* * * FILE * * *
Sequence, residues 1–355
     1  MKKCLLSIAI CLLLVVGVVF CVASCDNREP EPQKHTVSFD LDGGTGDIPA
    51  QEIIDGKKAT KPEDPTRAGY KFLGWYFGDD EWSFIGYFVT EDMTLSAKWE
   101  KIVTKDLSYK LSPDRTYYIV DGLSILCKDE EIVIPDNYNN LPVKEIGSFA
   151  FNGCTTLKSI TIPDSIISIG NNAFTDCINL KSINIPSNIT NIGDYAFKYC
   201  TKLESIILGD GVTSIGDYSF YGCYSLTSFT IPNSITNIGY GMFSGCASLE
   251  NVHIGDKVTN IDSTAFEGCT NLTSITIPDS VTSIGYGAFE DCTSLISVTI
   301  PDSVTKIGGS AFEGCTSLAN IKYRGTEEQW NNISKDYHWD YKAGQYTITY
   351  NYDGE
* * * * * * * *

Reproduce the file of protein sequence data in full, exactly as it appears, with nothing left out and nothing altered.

Sequence, residues 1–355
     1  MKKCLLSIAI CLLLVVGVVF CVASCDNREP EPQKHTVSFD LDGGTGDIPA
    51  QEIIDGKKAT KPEDPTRAGY KFLGWYFGDD EWSFIGYFVT EDMTLSAKWE
   101  KIVTKDLSYK LSPDRTYYIV DGLSILCKDE EIVIPDNYNN LPVKEIGSFA
   151  FNGCTTLKSI TIPDSIISIG NNAFTDCINL KSINIPSNIT NIGDYAFKYC
   201  TKLESIILGD GVTSIGDYSF YGCYSLTSFT IPNSITNIGY GMFSGCASLE
   251  NVHIGDKVTN IDSTAFEGCT NLTSITIPDS VTSIGYGAFE DCTSLISVTI
   301  PDSVTKIGGS AFEGCTSLAN IKYRGTEEQW NNISKDYHWD YKAGQYTITY
   351  NYDGE